LAS VEGAS--The two companies have in recent months teamed to build new hardware that combines Siemens' voice products with Enterasys' networking equipment designed to shuttle data over office networks, said Cabletron Chief Executive Piyush Patel. The result is next-generation technology that combines voice and data traffic over a single connection based on Internet protocol (IP), he said.
"We have the IP expertise. They have the voice expertise. It's a natural partnership," Patel said in an interview here at the Networld+Interop networking industry trade show this week.
The offerings by Enterasys and Siemens will compete with Cisco Systems, 3Com, Avaya, Alcatel, and others that have built Net-based phone equipment that carries phone traffic over data networks.
In recent years, network equipment makers have touted the technology as a cheaper way to route phone calls compared with traditional phone systems. They argue that marrying voice and data services will make corporate networks easier to maintain and will result in new phone features such as unified messaging, which allows people to check their voice mail, e-mail and faxes over a phone or PC.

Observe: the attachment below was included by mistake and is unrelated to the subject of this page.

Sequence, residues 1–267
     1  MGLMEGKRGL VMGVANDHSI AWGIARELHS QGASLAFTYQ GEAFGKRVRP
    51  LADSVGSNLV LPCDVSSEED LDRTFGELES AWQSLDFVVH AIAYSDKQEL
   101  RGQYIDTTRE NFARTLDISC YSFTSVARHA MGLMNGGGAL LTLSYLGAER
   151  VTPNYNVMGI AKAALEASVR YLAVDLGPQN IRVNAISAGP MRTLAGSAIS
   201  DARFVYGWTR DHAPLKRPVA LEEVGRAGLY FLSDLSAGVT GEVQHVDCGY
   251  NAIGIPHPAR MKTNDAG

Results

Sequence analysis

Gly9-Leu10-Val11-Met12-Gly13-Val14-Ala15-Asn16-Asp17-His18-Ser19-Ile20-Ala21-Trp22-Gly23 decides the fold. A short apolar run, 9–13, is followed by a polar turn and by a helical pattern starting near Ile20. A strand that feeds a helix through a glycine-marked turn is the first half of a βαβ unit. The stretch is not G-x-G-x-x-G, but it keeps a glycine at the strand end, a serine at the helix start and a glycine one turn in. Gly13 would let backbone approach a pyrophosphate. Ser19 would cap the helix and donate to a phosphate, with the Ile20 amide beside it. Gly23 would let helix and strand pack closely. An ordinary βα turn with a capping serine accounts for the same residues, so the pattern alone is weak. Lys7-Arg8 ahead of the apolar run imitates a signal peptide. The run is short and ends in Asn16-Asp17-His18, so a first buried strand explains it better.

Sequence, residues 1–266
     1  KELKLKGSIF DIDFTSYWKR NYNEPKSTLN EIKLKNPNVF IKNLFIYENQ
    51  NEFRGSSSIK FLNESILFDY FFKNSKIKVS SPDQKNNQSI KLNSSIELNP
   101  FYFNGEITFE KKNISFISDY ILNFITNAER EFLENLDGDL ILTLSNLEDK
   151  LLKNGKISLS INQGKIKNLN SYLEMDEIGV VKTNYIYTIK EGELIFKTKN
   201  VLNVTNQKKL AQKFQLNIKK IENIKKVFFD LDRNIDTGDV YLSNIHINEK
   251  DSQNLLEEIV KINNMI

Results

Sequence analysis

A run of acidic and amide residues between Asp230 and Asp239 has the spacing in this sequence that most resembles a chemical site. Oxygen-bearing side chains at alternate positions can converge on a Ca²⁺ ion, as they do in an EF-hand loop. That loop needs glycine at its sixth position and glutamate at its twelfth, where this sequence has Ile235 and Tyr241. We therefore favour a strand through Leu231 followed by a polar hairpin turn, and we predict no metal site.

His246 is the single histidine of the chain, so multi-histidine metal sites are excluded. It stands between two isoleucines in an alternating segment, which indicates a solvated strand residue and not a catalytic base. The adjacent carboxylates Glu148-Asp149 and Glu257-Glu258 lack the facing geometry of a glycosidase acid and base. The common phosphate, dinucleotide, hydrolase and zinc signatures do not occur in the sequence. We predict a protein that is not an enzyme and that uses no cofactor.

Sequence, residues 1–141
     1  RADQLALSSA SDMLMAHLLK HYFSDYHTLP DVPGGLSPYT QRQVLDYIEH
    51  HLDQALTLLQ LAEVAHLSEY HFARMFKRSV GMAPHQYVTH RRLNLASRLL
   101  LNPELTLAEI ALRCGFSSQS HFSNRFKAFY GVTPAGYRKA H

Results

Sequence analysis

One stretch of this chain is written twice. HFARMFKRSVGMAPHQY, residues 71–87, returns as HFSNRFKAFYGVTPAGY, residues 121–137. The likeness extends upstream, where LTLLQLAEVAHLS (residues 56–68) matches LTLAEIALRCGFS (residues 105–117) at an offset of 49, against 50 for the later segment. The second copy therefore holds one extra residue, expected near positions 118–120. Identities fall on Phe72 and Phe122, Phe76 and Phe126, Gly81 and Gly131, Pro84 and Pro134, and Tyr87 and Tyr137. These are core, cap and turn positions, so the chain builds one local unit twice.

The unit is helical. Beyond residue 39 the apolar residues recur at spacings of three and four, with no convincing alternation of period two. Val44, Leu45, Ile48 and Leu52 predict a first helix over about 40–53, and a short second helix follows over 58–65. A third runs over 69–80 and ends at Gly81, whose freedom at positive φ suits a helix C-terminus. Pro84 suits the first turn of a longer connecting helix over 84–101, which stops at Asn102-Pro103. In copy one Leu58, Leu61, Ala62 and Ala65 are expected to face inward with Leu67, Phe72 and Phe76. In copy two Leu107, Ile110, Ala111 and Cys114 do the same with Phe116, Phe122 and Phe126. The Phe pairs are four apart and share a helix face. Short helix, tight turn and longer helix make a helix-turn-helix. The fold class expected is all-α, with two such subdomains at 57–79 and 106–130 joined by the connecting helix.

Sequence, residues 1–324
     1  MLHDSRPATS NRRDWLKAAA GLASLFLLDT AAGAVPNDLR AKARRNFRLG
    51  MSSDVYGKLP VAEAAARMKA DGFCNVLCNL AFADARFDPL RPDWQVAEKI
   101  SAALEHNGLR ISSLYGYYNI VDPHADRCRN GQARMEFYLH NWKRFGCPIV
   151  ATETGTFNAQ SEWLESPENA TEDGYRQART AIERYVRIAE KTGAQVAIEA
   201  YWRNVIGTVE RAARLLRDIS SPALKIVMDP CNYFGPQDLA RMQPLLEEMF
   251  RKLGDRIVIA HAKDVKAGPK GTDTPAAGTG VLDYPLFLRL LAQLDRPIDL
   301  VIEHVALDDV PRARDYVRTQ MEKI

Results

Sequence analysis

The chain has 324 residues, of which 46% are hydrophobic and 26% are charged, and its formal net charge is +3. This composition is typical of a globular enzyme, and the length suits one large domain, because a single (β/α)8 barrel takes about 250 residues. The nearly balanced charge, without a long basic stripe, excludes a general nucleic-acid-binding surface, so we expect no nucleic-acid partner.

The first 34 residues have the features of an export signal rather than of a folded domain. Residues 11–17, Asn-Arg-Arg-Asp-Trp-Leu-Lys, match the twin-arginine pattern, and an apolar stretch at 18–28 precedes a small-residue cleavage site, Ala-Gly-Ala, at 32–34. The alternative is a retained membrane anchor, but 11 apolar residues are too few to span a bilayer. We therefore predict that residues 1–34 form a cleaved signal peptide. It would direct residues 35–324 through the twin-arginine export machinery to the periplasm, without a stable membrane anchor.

Patel said Siemens and Enterasys will unveil their product plans soon. The joint project by the two companies stemmed from a partnership in which Siemens sold Enterasys' networking gear in conjunction with its own voice products, Patel added. Siemens representatives could not be reached for immediate comment.
Analysts say the Siemens and Enterasys partnership is part of an emerging market that is poised to explode. A recent study shows the market grew from $34.1 million in revenue in 1999 to $192.8 million in 2000, but it was still just a tiny piece of the $20 billion traditional phone system market, according to technology consultants Synergy Research Group.
But the Net-based phone market will eat into the traditional voice equipment market within five years, growing to $548 million this year and $3.9 billion by 2005, according to the Synergy report.
Siemens previously had a failed joint venture with 3Com to build voice-over-the-Internet technology for businesses. 3Com and Siemens originally partnered for a $100 million joint venture in 1998 to develop telephony products for corporate networks. But the pair killed the partnership in mid-1999 after 3Com bought Net-based phone systems maker NBX.